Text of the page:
Worldwide pirate attacks have slightly declined from January to September this year as incidents off the coast of Somalia declined, but reported cases of attacks in the South China Sea, particularly in Indonesia waters increased, a report by an international maritime watchdog showed on Monday.
Based on a data released by London-based International Maritime Bureau (IMB), the number of pirate attacks in the South China Sea increased to about 30 cases in the first seven months of this year, more than three times from last year.
IMB’s piracy reporting center in Malaysia cited that increase pirate presence off the coastlines of Indonesia was the main reason for the jump in attacks to merchant vessels.
But unlike Somalis who hold the entire ship and crewmen hostages, armed pirates in Asia only rob merchant vessels.
Also, most of the reported attacks occurred off the coast of Mangkai island in Indonesia – a transit route commonly used by seagoing vessels heading to Singapore Strait and East Asia.
Reduced presence of Indonesian Navy and other naval patrols were also the main reason why pirate attacks in the area increased from seven to 26 during the period.
The Indonesian government immediately reinstalled the patrols, increasing naval visibility upon the request of the IMB.
Worldwide pirate attacks dropped to 289 between January to September this year, compared to 306 cases reported in the same period last year.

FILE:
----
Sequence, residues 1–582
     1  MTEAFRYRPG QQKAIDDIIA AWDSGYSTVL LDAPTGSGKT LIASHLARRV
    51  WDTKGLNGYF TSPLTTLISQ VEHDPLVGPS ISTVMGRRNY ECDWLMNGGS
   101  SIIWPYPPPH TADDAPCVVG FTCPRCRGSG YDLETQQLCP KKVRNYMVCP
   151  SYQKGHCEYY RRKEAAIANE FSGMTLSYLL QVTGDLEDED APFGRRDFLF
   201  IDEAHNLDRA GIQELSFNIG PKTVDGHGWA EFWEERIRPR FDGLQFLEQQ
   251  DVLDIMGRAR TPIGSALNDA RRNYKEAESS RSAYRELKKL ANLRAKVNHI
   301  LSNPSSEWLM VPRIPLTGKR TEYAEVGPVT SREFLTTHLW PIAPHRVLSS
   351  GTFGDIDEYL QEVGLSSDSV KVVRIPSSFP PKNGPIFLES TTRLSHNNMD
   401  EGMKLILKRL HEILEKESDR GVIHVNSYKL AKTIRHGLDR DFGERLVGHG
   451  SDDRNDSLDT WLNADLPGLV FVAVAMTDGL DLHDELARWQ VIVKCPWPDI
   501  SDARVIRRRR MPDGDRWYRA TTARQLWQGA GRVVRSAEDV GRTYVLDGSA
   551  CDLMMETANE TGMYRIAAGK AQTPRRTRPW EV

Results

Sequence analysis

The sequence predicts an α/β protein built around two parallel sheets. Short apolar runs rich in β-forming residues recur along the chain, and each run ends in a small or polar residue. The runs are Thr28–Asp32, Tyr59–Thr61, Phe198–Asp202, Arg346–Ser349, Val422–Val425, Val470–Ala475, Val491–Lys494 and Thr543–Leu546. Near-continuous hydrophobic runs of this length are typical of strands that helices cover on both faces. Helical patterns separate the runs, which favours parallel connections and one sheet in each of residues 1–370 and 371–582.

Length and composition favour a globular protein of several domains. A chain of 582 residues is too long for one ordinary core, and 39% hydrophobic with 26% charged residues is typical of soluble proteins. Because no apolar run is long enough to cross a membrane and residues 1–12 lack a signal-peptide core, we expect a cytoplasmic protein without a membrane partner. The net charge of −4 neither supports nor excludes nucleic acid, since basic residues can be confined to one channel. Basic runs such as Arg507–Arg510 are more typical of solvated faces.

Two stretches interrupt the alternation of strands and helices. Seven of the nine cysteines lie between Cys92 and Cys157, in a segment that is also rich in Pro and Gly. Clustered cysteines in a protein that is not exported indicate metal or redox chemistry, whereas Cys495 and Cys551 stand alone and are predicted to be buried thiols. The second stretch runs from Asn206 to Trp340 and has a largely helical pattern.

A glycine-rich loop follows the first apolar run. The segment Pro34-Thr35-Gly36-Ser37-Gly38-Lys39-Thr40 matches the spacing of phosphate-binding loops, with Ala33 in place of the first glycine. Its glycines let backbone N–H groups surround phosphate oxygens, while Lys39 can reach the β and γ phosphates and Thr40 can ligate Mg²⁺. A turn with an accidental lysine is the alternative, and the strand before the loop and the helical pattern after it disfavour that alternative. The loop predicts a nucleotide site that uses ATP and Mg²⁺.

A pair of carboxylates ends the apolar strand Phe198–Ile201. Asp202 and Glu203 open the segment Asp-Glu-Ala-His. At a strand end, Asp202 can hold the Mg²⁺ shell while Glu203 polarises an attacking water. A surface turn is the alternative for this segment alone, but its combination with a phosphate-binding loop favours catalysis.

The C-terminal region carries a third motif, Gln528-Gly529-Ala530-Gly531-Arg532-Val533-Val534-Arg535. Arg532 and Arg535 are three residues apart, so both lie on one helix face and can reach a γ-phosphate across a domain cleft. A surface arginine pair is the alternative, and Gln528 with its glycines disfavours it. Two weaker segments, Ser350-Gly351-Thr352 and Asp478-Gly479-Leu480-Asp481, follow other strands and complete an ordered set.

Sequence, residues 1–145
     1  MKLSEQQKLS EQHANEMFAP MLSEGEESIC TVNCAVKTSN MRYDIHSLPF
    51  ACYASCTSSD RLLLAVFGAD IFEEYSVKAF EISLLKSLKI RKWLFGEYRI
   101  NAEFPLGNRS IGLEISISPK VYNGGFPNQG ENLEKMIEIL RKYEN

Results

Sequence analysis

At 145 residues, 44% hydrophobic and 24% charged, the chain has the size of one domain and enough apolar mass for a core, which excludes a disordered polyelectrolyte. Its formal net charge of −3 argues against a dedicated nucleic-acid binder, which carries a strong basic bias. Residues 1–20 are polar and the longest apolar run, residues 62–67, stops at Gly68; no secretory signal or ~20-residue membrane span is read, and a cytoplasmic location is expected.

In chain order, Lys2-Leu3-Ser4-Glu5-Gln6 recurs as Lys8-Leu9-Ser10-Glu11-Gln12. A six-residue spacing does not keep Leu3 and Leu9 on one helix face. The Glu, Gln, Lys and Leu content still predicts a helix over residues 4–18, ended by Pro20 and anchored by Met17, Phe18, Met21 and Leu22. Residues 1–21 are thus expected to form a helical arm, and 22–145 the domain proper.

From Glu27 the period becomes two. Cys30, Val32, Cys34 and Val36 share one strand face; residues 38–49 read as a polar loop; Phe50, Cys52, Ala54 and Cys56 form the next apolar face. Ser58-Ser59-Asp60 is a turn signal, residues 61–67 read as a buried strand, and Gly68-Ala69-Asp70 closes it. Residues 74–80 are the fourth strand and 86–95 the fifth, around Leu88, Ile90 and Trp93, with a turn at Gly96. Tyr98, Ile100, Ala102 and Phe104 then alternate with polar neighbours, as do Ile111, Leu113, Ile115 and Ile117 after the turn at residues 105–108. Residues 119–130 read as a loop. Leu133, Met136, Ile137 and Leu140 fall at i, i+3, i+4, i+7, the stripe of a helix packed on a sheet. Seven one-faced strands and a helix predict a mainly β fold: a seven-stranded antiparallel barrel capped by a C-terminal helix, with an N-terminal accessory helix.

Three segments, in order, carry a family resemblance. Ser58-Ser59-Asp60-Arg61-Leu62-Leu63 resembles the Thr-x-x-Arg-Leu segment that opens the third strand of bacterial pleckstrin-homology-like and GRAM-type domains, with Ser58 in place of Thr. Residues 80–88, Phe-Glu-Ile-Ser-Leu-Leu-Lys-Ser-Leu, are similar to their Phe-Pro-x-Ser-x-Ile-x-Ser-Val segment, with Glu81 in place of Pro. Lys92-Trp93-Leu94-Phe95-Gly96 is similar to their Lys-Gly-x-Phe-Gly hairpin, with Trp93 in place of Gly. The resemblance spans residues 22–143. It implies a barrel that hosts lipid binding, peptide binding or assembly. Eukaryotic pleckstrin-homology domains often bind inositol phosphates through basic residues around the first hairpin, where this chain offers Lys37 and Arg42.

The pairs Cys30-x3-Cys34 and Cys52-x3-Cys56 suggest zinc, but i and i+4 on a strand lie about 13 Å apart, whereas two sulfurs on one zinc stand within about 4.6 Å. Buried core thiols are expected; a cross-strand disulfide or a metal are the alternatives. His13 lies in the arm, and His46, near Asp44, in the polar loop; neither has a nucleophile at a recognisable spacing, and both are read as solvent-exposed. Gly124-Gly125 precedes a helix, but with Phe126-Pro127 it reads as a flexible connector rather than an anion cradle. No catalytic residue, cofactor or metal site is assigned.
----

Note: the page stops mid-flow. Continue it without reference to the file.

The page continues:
At least 21 people were killed and 16 others remained trapped inside a mine in central China following a disastrous gas explosion, state-run Xinhua News Agency reported on Saturday.
According to the reports, more than 70 rescuers are now trying to rescue the remaining 16 miners inside the mine, despite the threat of possible second gas explosion due to dangerous levels of coal dust and gas build up.
China is the most dangerous mining site in the world with thousands of men killed over the last decade.
Rescue spokespersons said that the blast has displaced more than 2, 500 tons of coal dust causing further problems to rescue workers. He added that the location of the miners was still unconfirmed or whether they are still alive.
“We still have to remove all the coal dusts in the air shaft and the gas, which has now reached the 40 percent level,” said the state-run Pingyu Coal & Electric Co. Ltd in a statement.
The company said that engineers were able to restore the ventilation inside the mine but gas levels remained high. It added that the accident occurred while workers were trying to drill holes on the sides of the shafts to release pressure from a reported gas build up.
The explosion occurred amid Chile’s celebration following successful rescue operations to some 33 miners who have been underground for a record 69 days.
Venezuelan President Hugo Chavez vowed to provide former Soviet Republic of Belarus a steady supply of oil for the next 200 years to boost the capacity of the country’s refineries – the backbone of the Belarusian economy.
During his visit on Saturday, Chavez promised Belarusian President Alexander Lukashenko, whom critics called as the “Europe’s last dictator,” that there would be no shortages in oil supply in the country in the next 200 years.